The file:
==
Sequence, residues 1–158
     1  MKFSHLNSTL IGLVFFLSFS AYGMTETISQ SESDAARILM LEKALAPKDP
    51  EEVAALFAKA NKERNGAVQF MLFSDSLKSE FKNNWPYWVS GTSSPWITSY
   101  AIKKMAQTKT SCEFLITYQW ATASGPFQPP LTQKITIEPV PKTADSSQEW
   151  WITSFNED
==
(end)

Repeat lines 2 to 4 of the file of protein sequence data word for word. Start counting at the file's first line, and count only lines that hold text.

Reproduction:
     1  MKFSHLNSTL IGLVFFLSFS AYGMTETISQ SESDAARILM LEKALAPKDP
    51  EEVAALFAKA NKERNGAVQF MLFSDSLKSE FKNNWPYWVS GTSSPWITSY
   101  AIKKMAQTKT SCEFLITYQW ATASGPFQPP LTQKITIEPV PKTADSSQEW